The device and method of the present invention provide a power-saving mode of operation offering acoustic transparency, particularly suited for canal hearing devices during sleep or inactivity. Acoustic transparency is accomplished by providing an in-situ acoustic transfer function that compensates for the insertion loss caused by the presence of a hearing device in the ear canal. The transparent mode simulates the user's experience of unaided hearing, thus causing the user to perceive the acoustic “absence” of a hearing device while a device is worn in the ear canal. This mode also significantly reduces current drain from the battery for extending the life of the hearing device. Current reduction is achieved by shutting off one or more circuit elements and by reducing bias currents to other elements.
The invention essentially reproduces the unaided hearing function while providing significant power savings without resorting to removing the device from the ear canal. It allows the user to continue to hear and respond to emergency situations as if the device were not present in the ear canal. The invention is particularly applicable for extended wear applications in which a specialized hearing device is worn continuously in the ear canal for several months without daily removal. The invention is also applicable for disposable hearing devices wherein the longevity of the integrated battery is desirable for the user.
The above and still further goals, objectives, features, aspects and attendant advantages of the present invention will be better understood from the following detailed description of the best mode presently contemplated for practicing the invention, with reference to certain preferred embodiments and methods, taken in conjunction with the accompanying Figures of drawing, in which:
The present invention, illustrated in
The transparent mode significantly reduces current drain from the battery for extending the life of the hearing device. Current reduction is achieved by shutting off one or more circuit elements and/or by reducing bias currents to other elements. The invention essentially restores the unaided hearing function while providing significant power savings, all without resorting to removing the device from the ear canal.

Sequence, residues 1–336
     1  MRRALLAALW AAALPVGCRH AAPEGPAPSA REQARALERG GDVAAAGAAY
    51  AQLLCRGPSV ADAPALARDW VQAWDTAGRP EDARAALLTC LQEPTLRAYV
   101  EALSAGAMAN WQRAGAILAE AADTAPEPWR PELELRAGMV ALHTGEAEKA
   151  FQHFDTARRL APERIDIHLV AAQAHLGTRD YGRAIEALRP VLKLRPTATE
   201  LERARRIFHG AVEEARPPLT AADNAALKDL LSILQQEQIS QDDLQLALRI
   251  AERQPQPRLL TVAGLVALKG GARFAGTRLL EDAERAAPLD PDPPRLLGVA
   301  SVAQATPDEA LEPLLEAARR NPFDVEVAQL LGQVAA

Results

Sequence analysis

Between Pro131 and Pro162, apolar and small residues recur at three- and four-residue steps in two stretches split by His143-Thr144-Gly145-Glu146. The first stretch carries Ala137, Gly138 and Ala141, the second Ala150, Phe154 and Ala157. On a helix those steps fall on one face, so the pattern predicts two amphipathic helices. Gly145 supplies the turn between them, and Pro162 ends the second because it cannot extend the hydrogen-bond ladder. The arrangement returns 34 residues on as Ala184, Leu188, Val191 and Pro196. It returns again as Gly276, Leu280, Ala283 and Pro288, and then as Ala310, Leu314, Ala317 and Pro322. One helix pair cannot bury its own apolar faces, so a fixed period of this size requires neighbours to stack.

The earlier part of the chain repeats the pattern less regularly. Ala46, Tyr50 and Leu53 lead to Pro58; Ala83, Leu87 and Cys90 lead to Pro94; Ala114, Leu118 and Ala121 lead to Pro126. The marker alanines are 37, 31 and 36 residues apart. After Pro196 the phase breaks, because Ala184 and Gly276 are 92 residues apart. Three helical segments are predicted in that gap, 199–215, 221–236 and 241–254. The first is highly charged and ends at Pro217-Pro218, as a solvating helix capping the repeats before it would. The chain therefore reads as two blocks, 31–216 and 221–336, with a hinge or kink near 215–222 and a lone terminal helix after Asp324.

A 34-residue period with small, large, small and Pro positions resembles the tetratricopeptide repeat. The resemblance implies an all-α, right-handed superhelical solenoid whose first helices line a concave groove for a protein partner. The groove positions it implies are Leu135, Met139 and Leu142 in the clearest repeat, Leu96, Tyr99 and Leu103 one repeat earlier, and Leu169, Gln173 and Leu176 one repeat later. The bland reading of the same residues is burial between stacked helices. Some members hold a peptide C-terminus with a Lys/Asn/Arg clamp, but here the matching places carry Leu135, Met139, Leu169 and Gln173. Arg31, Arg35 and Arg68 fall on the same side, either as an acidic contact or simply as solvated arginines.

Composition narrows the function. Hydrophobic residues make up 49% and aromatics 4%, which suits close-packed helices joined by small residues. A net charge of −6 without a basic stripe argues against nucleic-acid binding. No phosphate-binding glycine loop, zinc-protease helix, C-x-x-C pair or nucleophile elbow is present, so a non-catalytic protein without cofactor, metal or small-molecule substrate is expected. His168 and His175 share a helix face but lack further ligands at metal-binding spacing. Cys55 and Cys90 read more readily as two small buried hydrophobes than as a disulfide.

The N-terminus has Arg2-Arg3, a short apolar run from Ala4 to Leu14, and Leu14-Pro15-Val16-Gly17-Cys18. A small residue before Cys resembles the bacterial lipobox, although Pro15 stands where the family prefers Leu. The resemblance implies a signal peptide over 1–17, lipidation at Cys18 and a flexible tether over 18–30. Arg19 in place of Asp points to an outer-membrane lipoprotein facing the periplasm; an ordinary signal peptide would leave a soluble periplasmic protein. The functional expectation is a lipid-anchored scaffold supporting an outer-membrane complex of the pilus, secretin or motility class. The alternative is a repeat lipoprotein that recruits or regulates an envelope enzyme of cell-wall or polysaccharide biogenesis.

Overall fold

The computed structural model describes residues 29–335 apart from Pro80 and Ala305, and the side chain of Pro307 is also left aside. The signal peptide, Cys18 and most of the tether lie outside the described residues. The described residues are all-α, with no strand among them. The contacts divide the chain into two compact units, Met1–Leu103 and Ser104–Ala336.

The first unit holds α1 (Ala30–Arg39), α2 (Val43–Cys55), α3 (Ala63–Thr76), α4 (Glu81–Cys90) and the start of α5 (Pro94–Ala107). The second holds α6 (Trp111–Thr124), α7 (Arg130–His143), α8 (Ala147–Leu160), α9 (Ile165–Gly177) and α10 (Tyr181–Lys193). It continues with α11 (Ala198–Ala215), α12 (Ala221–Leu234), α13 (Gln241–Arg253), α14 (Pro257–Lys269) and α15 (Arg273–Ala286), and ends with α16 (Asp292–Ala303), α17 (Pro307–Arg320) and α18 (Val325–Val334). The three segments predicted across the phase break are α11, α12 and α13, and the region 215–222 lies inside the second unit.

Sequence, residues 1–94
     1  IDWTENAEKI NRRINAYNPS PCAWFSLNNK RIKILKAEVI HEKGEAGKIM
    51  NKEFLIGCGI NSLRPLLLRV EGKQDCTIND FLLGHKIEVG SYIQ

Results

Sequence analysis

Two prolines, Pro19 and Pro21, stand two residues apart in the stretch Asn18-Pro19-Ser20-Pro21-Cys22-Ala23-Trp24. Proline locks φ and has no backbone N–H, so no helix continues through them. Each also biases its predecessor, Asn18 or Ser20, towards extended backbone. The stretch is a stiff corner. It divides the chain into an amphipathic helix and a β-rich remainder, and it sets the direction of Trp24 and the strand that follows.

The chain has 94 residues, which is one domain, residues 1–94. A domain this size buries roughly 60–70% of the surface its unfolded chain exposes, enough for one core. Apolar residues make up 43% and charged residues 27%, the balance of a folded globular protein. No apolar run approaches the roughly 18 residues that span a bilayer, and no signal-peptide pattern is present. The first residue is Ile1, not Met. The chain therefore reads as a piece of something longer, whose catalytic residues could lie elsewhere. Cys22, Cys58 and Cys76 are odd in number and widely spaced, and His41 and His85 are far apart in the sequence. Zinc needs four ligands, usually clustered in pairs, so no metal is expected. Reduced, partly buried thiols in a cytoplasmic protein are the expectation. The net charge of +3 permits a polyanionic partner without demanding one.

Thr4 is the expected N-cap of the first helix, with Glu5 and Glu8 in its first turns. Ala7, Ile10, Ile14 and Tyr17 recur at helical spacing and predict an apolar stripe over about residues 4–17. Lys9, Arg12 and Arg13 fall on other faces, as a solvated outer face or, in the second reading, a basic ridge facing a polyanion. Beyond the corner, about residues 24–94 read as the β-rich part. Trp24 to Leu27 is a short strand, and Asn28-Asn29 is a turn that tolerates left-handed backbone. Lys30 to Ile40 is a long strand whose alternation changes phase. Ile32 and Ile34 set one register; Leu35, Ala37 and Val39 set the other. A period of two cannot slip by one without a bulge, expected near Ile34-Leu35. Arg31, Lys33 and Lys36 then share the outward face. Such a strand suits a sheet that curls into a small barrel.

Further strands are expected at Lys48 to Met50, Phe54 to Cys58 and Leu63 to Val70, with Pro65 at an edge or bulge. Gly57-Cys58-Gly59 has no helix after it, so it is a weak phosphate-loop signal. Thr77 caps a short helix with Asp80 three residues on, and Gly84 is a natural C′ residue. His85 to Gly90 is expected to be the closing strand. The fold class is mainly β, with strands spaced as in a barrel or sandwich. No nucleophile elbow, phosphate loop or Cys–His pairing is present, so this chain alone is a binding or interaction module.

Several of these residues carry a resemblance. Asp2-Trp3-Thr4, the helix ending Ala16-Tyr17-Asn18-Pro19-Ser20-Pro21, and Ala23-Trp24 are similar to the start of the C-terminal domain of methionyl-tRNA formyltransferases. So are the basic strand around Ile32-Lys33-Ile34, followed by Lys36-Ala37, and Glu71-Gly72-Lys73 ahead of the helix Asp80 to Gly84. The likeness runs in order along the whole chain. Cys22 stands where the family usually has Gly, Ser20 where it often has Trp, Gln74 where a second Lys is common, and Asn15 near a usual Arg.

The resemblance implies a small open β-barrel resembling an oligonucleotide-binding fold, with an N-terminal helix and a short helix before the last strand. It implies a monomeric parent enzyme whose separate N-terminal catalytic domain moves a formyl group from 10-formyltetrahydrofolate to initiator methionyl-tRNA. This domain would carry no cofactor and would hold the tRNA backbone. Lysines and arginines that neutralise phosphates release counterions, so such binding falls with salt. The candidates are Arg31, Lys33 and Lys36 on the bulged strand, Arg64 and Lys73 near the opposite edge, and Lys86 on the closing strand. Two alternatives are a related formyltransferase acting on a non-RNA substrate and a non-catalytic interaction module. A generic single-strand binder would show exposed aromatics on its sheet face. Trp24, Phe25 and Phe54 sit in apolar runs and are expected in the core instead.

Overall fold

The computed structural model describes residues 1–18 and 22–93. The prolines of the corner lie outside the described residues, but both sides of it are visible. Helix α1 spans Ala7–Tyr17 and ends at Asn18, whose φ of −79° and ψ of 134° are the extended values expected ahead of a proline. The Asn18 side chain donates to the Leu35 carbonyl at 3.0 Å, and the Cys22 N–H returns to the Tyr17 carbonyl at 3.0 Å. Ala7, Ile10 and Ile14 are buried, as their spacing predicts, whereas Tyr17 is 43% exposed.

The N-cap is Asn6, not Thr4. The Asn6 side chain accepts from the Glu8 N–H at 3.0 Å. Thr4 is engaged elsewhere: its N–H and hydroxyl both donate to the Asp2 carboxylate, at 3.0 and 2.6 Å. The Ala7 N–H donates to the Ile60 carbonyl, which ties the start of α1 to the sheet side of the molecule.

In the exemplary embodiments shown in
In the analog embodiment of
In the normal ON operation, bias currents from bias lines 37 and 38 are relatively high. This is due to the relatively high amplification (gain) requirement of the hearing device 10. However, when the digital controller 33 is appropriately invoked by the user, the control signals 40 are switched to reflect the transparency mode. This causes the power controller to reduce bias currents substantially since the gain requirements are relatively lower than ON gain requirements. Furthermore, input amplifier 34 is preferably completely shut off (zero bias current from bias line 37) during the transparency mode in the embodiment of FIG. 2. In this case, the microphone output 31 is switched directly to programmable filter 39 input via analog switch 41. Bias current to the microphone 20 via microphone bias line 44 is also reduced during sleep mode of the present invention.
In each of these embodiments, the sleep (transparent) mode of the device is preset to produce an in-situ response substantially similar to the unaided response (i.e., mirroring the response that would be perceived by the hearing of the impaired individual if no hearing device were present in the ear canal). Thus, the wearer receives the benefit of being able to leave the device in place in the ear, without experiencing the occlusion that would otherwise be present if the transparent mode of the invention were not provided in the hearing device.
The transparent mode is particularly desirable for extended wear canal hearing devices, which are worn continuously in the ear canal for several months without daily removal. Since the user does not remove the device from the ear on a daily basis, as he or she would with conventional hearing aids, the transparent mode allows the user to perceive sounds as though they were “unaided,” and allows the device to conserve energy to enable extended wear. The transparency mode is most suitable during sleep and resting, since it is during those times that users of conventional hearing aids generally prefer to remove the device from the ear to avoid prolonged and unnecessary amplification, and consequent noise-induced fatigue and irritation. Turning an in-situ device OFF for extended wear applications causes insertion loss which interferes with communications and further presents a potential hazard during emergency situations (i.e., fire alarm, traffic, etc.).